Each day countless new products and services are launched, the majority of which fail. Look at a single brand in isolation and you will find the good (Virgin Atlantic), the bad (Virgin Brides) and the ugly (Virgin Cola) of brand extensions. Countless articles have been written about the best and worst examples so we thought we’d focus on brands that do more than extend, they disrupt, creating new categories in the process.
Brands require careful management. Stretch them too far and they can snap. But get it right and the rewards can be huge. Create a lucrative new category and you own it. By the time others have entered the race you’re already round the first bend.
Market leaders are often best placed to create new behaviors. The classic example is the Clinique three-step system. The line was created when Estée Lauder, the cosmetics mogul, read an article written by dermatologist, Dr. Orentreich, which stated that clean skin was the root of healthy skin. From this simple principle stemmed a revolutionary range of scent-free cosmetics that turned the simple act of washing your face into a skin care regime.
Today brands no longer need a dermatologist’s endorsement, they have become trusted ‘professionals’ in their own right. Consumers will allow new product launches to guide their behavior, particularly when a well-known brand enters a new field. The big brands have an advantage because both the retailer and consumer are more likely to trial a familiar name, even if it’s in an unfamiliar field, as long as the transition makes sense.
The potential for failure is huge which is why many companies invest millions at the front end to create, research and craft a product that’s truly compelling. There are a number of brands that have achieved it and rolled out brand extensions that broke the mould, to create a new experience that most consumers hadn’t even realized they were missing out on.
Old brand, new audience
The classic example is of course the Wii. Rather than incremental innovation, Nintendo put their core consumers to one side and gambled ‘the house’ on a ground-breaking product that brought the video game out of the teenage boy’s bedroom and into the lounge. Crucially they didn’t stop there, they kept innovating. The recently released Wii U fuses the popularity of the tablet computer with the interactivity of the original Wii to create a family-friendly device that fills niches the Xbox Kinect cannot.
Tapping into a trend, creating a movement
L’Oreal is an outstanding example of a brand that noticed small changes in consumer’s behavior and used it to carve out a whole new category. Scores of brands had dipped their toes into the men’s skin care arena but L’Oreal put the full weight of their organization into creating a comprehensive men’s skin care range. Like what Clinique did for women in the 60’s L’Oreal did for men in the 90’s, creating new habits and gradually extending consumer’s consumption into new areas. L’Oreal has since replicated this feat in China, experiencing 40% growth in the men’s skin care market in 2010. Making value essential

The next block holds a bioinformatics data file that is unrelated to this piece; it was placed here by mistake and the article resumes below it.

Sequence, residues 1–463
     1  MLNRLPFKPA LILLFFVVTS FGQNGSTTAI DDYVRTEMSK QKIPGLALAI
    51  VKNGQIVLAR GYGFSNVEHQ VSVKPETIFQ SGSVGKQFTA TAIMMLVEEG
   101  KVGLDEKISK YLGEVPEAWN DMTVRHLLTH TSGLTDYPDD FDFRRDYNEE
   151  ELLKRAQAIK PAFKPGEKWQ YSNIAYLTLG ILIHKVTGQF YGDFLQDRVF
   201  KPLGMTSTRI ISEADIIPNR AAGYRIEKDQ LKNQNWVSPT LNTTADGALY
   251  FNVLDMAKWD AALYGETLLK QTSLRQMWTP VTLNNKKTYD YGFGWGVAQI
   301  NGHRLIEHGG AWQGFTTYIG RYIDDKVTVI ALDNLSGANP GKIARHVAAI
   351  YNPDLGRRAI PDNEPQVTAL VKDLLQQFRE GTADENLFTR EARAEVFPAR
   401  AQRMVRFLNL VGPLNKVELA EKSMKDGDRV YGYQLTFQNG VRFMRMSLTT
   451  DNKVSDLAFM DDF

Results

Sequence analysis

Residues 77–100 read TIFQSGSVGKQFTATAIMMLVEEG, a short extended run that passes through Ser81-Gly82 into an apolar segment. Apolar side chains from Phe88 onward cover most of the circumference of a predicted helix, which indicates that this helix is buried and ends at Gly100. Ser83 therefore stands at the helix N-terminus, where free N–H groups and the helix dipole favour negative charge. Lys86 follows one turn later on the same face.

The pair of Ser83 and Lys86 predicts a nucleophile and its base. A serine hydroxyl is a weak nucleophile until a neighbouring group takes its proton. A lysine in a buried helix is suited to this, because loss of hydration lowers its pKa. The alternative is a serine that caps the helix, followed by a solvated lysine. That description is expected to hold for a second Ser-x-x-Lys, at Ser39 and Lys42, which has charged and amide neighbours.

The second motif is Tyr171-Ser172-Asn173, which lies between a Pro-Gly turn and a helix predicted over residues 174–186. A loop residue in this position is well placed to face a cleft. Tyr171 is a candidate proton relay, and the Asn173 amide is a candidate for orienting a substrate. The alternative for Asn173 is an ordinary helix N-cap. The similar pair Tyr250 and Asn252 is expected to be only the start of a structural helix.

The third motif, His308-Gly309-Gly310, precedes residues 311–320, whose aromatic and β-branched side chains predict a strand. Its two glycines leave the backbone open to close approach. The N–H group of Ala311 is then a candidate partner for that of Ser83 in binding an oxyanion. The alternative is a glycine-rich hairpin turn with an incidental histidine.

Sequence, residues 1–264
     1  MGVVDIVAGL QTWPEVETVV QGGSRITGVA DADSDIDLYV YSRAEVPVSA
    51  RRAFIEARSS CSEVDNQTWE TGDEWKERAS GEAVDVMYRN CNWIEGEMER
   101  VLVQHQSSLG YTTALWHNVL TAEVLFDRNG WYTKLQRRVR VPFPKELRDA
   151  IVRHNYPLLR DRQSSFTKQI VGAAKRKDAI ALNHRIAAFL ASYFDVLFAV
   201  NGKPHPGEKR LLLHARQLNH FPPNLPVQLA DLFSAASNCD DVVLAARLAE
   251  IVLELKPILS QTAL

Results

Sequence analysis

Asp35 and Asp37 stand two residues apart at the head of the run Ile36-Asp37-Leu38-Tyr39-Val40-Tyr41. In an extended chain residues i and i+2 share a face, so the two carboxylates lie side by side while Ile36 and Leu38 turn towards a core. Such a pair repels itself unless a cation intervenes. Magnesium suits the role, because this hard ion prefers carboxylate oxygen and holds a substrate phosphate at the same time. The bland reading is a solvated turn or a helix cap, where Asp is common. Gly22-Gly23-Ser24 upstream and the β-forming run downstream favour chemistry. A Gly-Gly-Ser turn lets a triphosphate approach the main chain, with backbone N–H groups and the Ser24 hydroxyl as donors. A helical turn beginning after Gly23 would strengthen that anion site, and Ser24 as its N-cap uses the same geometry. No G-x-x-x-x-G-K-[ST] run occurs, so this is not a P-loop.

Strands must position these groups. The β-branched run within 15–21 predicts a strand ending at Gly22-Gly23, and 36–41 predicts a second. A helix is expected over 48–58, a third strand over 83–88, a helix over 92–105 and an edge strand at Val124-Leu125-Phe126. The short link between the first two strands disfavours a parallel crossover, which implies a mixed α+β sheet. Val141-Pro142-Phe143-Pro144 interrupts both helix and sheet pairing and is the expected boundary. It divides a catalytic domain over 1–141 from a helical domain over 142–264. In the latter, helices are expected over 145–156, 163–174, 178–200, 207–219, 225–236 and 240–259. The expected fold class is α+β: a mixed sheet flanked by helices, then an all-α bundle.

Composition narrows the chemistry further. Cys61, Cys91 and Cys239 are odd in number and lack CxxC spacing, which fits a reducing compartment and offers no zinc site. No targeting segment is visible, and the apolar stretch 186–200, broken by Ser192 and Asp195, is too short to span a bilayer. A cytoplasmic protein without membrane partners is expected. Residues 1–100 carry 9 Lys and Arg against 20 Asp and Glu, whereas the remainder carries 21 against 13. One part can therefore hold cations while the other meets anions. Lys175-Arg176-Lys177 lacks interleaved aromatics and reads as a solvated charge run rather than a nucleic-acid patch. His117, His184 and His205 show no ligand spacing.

Waitrose also achieved a double whammy when they launched their Essentials range. Of course it was a response to inevitable changes in consumer behavior after the downturn, but it defied the traditional ‘value’ range model that The Big Four had had for years. Waitrose showed that value doesn’t have to mean trading down, it could mean ‘staple’. Accordingly their traditional clientele could afford to maintain their consumption levels, and new consumers could now ‘trade up’ and buy into the Waitrose ethos. Off the back of this success Waitrose has gained confidence to launch their ‘LOVE life’ range, which makes it easier for consumer to select the healthiest options.
Watch a newspaper
Apple has used the emotional pull of its brand rather than functionality to drive consumption. Initially consumers weren’t sure they really needed an iPhone and iPad. The former didn’t seem to be particularly good at being a phone and the latter seemed to be an emasculated laptop. But the social cache of the brand created a snowball effect, changing the way we interact with the world around us, igniting the push towards mobile technology and redefining entertainment, as the latest iPad 2 ad demonstrates.
The key to the success of these disruptive brand extensions was two fold. Firstly the brand owners were listening carefully yet broadly, spotting new opportunities outside of their daily focus. Secondly, once they spotted an opportunity, they didn’t enter the fray half-heartedly but put considerable effort into designing and promoting a product that would meet these needs. It’s vital that brands don’t falter at the finish line, especially when they’re trying to convince consumers of a product choice and experience they’re unfamiliar with. It’s a difficult task, but if carefully crafted it can be hugely rewarding.